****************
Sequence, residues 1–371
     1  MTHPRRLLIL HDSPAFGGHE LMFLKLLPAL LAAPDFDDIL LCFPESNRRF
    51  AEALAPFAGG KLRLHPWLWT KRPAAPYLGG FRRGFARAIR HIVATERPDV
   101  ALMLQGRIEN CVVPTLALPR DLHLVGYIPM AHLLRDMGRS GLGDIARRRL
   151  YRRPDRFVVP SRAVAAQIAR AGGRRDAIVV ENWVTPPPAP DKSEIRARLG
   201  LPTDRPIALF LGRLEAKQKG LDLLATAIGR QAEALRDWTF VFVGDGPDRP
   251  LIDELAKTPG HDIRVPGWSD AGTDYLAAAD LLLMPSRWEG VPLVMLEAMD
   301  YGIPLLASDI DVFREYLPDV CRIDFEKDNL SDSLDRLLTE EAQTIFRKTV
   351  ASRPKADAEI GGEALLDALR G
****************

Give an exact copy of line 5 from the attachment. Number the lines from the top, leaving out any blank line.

   151  YRRPDRFVVP SRAVAAQIAR AGGRRDAIVV ENWVTPPPAP DKSEIRARLG